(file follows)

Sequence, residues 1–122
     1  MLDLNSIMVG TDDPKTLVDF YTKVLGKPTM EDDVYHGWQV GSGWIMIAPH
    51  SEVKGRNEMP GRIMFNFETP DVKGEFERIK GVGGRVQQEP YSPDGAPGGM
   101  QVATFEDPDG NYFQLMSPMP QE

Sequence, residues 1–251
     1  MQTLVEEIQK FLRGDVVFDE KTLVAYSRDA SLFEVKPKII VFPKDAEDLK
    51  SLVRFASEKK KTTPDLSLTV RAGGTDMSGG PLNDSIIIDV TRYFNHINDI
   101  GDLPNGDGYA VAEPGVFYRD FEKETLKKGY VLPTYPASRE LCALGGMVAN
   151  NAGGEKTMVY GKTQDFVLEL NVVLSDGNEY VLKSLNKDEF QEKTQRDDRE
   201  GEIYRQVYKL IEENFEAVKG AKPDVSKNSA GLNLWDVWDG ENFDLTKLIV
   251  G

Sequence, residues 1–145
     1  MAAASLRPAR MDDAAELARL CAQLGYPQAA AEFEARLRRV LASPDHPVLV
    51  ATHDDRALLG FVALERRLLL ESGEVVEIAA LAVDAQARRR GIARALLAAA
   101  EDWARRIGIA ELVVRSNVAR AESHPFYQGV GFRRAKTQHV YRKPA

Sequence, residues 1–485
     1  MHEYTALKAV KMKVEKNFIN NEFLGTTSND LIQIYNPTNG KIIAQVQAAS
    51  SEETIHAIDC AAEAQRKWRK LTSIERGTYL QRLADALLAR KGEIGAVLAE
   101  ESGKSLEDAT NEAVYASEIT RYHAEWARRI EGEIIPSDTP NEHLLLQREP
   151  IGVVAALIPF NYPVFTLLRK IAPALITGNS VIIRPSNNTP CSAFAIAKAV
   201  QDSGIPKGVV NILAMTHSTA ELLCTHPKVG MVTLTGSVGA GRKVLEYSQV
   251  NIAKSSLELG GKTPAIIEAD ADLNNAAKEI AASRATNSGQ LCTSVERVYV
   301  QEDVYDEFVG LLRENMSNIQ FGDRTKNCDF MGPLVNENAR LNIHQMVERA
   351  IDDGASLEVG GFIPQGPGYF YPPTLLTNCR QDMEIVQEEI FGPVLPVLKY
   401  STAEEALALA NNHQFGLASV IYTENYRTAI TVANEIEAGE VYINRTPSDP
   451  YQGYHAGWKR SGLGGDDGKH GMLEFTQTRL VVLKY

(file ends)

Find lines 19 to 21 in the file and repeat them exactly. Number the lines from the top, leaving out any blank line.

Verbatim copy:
   101  ESGKSLEDAT NEAVYASEIT RYHAEWARRI EGEIIPSDTP NEHLLLQREP
   151  IGVVAALIPF NYPVFTLLRK IAPALITGNS VIIRPSNNTP CSAFAIAKAV
   201  QDSGIPKGVV NILAMTHSTA ELLCTHPKVG MVTLTGSVGA GRKVLEYSQV